A troubling rise in violent crime, including a surge in homicides in major cities across the country, has the potential to upend the emerging bipartisan consensus in favor of policing and criminal justice reform.
This is one reason President Joe Biden is turning his attention to the issue of crime on Wednesday, though many of his proposals are expected to focus on guns. The bipartisan support for sentencing and policing reforms is fragile and potentially dependent on the past 20 years of relatively low crime.
“After George Floyd, there was a bipartisan moment where everyone said, ‘We need to fix this,’” said Randy Petersen, a senior researcher at Right on Crime, a criminal justice initiative by the Texas Public Policy Foundation. “The defunding [the police] movement kind of derailed the bipartisanship of that.”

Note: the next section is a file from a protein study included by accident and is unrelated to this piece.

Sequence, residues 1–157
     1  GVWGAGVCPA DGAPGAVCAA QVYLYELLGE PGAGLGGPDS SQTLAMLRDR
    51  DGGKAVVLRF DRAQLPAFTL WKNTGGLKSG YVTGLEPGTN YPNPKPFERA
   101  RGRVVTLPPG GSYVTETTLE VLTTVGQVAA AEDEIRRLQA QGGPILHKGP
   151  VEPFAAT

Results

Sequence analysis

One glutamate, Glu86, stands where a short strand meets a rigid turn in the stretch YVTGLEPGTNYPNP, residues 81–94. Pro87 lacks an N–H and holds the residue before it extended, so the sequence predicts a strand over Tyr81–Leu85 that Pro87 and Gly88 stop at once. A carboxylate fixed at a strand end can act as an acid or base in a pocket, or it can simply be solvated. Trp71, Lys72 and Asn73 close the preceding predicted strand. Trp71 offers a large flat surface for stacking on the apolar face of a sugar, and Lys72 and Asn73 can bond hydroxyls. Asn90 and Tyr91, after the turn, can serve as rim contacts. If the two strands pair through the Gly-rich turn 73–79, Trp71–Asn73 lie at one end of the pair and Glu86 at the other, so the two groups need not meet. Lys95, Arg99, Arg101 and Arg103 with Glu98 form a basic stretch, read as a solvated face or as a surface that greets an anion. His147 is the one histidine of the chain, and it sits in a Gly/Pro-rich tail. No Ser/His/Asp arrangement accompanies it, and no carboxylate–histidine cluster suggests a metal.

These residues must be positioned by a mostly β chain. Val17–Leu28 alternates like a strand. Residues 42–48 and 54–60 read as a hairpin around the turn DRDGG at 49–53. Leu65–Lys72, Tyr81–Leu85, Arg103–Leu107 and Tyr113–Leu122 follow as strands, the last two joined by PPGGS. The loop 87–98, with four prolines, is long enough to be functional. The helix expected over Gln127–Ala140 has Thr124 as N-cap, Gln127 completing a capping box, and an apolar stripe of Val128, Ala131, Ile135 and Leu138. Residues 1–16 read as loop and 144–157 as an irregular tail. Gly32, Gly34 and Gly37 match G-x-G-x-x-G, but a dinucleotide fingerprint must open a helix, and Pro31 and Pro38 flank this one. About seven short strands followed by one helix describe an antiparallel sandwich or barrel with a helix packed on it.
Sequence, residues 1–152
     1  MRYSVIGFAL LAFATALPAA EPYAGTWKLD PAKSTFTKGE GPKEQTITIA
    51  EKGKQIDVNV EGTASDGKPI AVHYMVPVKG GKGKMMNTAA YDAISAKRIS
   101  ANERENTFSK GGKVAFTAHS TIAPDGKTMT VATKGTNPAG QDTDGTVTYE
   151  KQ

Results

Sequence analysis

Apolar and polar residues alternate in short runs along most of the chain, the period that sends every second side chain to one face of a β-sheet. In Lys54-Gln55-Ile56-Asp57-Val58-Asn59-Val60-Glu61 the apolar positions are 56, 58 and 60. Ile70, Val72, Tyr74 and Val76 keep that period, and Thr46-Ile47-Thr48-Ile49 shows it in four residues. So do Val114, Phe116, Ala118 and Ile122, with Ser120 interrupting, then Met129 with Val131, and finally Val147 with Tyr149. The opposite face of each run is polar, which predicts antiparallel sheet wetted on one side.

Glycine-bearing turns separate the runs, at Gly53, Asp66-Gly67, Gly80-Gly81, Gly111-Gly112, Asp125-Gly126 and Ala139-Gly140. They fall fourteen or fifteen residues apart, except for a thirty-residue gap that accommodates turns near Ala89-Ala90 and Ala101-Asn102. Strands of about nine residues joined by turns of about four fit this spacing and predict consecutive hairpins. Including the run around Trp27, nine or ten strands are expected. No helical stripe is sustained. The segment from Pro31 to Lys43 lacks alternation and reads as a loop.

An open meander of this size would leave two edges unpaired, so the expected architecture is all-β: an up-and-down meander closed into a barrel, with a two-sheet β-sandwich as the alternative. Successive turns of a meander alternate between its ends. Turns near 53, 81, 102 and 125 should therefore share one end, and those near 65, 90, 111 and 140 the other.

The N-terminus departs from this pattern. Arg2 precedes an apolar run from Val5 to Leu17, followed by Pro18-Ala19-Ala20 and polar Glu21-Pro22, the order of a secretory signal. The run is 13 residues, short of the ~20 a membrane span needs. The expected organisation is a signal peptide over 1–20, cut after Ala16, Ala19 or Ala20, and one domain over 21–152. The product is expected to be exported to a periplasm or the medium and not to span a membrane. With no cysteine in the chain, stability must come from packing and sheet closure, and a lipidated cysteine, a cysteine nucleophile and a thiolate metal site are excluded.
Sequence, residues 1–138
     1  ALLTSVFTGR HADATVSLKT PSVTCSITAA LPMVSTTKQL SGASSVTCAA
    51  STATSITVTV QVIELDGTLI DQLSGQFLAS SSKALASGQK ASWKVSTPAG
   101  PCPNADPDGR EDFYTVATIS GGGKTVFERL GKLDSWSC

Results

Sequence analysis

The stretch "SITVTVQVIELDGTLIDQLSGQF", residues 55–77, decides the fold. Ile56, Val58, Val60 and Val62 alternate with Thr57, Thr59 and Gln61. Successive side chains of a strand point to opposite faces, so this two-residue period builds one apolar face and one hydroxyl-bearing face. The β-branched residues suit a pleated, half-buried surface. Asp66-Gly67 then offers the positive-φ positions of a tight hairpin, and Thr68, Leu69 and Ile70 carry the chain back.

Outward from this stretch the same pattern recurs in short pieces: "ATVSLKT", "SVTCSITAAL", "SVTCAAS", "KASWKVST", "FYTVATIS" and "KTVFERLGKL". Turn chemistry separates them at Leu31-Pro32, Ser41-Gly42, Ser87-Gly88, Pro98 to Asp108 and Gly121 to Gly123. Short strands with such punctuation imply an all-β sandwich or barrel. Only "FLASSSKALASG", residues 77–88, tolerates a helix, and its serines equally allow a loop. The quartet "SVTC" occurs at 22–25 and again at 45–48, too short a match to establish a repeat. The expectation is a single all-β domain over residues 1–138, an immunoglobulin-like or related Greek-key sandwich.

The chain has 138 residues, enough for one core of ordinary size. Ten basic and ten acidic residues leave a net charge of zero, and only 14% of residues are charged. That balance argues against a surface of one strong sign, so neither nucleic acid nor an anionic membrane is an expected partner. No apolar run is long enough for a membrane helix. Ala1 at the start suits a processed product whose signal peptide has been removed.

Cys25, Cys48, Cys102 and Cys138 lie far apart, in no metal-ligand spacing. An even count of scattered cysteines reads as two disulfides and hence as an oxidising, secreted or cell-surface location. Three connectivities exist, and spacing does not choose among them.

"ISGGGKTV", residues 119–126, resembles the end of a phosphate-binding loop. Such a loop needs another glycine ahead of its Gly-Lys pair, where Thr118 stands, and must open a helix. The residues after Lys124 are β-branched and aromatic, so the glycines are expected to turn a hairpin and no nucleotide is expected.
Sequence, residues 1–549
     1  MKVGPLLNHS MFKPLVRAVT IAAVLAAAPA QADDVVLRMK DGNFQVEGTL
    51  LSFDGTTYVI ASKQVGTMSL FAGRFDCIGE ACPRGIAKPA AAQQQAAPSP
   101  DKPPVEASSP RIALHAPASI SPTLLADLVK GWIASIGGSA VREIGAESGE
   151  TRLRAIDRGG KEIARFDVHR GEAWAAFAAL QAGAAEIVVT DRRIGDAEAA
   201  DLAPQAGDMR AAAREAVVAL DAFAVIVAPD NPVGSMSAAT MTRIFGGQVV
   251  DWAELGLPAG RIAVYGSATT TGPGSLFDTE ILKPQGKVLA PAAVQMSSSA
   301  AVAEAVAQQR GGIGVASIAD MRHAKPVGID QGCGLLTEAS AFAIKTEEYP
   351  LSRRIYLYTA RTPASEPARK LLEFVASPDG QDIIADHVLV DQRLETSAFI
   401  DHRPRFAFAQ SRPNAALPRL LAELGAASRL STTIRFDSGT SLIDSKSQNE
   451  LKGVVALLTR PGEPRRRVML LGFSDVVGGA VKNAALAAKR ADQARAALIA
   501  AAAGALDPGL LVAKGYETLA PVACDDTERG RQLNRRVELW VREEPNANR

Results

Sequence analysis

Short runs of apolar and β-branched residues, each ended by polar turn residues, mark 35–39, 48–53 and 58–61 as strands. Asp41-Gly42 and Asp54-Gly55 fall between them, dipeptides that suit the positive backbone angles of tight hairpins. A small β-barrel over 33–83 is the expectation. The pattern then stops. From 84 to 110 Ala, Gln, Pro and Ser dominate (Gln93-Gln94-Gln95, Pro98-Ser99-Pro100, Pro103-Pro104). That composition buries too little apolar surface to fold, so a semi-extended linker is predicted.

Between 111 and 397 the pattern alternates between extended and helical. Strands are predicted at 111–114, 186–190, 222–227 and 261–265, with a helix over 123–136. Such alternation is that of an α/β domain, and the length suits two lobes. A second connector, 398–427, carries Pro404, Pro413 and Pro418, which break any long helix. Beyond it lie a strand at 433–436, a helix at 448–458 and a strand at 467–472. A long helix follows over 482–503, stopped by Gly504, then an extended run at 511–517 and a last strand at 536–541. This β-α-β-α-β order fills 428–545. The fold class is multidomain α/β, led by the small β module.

“How high does the crime rate need to go before Democrats stop their campaign to release violent criminals from prison?” Sen. Tom Cotton, an Arkansas Republican, tweeted on Tuesday. He later more directly challenged some of the sentencing reform ideas that have attracted support from lawmakers in both parties in recent years.
“Crack penalties are harsher than powder cocaine penalties,” Cotton tweeted. “Let’s fix this by increasing the penalty for selling powder cocaine. Not by letting drug traffickers out of prison.” Read more…